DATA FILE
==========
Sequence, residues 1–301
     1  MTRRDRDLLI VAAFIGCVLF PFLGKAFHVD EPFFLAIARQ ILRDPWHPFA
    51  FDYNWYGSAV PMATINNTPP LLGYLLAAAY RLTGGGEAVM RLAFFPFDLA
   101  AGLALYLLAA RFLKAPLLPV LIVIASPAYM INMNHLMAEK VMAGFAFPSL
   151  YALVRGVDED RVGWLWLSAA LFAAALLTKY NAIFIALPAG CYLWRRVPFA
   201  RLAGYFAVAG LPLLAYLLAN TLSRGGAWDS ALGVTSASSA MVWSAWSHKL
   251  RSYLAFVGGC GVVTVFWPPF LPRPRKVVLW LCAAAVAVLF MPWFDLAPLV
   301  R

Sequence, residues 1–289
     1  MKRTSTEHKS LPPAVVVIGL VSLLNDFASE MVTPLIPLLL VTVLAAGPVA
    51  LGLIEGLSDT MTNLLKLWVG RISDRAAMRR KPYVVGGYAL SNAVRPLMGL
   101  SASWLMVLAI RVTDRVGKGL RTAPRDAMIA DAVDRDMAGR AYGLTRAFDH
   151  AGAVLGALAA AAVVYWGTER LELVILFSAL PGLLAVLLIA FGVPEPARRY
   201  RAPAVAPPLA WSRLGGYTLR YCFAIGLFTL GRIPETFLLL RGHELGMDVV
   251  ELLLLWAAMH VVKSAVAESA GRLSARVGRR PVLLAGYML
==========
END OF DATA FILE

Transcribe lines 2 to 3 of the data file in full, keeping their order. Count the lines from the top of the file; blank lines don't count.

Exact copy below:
     1  MTRRDRDLLI VAAFIGCVLF PFLGKAFHVD EPFFLAIARQ ILRDPWHPFA
    51  FDYNWYGSAV PMATINNTPP LLGYLLAAAY RLTGGGEAVM RLAFFPFDLA